It’s true that walking may not be the most practical mode of transportation. I could easily hop on a bus or a bike and get to my destination at least twice as fast. But there’ s something magical about strolling around a city. The world slows down. You’re exposed to the ambiance. You sense what’s going on around you, instead of being locked inside the cocooned environment of an automobile. To walk is to experience, to enter into the endless river of surroundings.
Does that make sense? I hope it does. Maybe it doesn’t. I’ve been feeling particularly out-of-it recently, ever since my girlfriend of five years up and left, without an explanation of why she was leaving or where she was going. I won’t bore you with the details of our relationship, but ever since she flew the coop — about five weeks ago — I’ve been existing in a hazy stupor where everything, by turns, seems either entirely unreal or so incredibly real as to be unbearable. So these walks, you see, temporarily abate my misery.
I live in a 400-square foot studio apartment that costs $750 per month. Immediately outside of my door, there’s an egg-shaped swimming pool, which is usable approximately half of the time. The other half, the water is coated in a strange green sludge that lingers until one of the maintenance guys sprinkles chemicals on it. When I wake up and notice the water’s clear, I don my bathing suit and take a brisk morning dip. The chill resets my biology and establishes a positive tone for the day. And most of my days — here, recently — have consisted of reading books, listening to records, lying by the pool, that sort of thing. I’m trying my best to establish a new normal, a fresh means of existing as a bachelor. I don’t talk to many people — I do enough talking as a barista at a nearby coffee shop named Pink’s. But thankfully for me, Pink’s isn’t open on weekends, and today is Saturday — August, in the South — and I’m blindly swimming in all of this free time like a dachshund in the middle of the Atlantic. Out of place, but free. Free, but for how long?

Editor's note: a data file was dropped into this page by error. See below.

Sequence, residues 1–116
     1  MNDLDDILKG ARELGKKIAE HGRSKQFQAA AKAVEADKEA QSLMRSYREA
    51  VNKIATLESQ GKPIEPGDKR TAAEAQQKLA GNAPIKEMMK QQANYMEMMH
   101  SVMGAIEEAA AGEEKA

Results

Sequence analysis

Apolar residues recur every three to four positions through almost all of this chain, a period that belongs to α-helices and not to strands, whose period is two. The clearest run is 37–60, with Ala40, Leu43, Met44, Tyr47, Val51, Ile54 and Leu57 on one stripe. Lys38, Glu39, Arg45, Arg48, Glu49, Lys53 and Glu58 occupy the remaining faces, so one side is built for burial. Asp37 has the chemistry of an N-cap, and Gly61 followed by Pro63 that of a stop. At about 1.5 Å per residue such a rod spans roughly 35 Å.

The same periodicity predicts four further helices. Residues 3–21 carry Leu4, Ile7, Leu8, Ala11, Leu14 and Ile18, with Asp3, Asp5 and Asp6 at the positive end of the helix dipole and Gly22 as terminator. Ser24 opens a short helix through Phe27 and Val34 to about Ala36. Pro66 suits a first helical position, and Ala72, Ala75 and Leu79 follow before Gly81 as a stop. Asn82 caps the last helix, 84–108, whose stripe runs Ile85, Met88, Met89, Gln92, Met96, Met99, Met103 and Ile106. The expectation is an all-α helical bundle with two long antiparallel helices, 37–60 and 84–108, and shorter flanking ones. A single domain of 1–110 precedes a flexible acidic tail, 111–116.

Immediately outside of my door, there’s an egg-shaped swimming pool, which is usable approximately half of the time. The other half, the water is coated in a strange green sludge that lingers until one of the maintenance guys sprinkles chemicals on it. When I wake up and notice the water’s clear, I don my bathing suit and take a brisk morning dip.
Let me tell you about a book I recently read titled A Pilgrim at Tinker Creek by Annie Dillard. In it, Dillard poetically recounts the days she spent in solitude in the Blue Ridge Mountains of Southwest Virginia, leisurely strolling through the hillsides and settling into the basic rhythms of the natural world. The book, which won the Pulitzer Prize, features sparse interaction with other humans. Instead, Dillard focuses on minutiae in nature that most people don’t notice because they’re so busy jumping from one thing to the next that they never stop to smell the cowshit, so to speak. Dillard, being a professional writer, has ample time to smell the cowshit. Take the following passage, for example:
The secret of seeing is, then, the pearl of great price. If I thought he could teach me to find it and keep it forever I would stagger barefoot across a hundred deserts after any lunatic at all. But although the pearl may be found, it may not be sought. The literature of illumination reveals this above all: although it comes to those who wait for it, it is always, even to the most practiced and adept, a gift and a total surprise. I return from one walk knowing where the killdeer nests in the field by the creek and the hour the laurel blooms. I return from the same walk a day later scarcely knowing my name at all.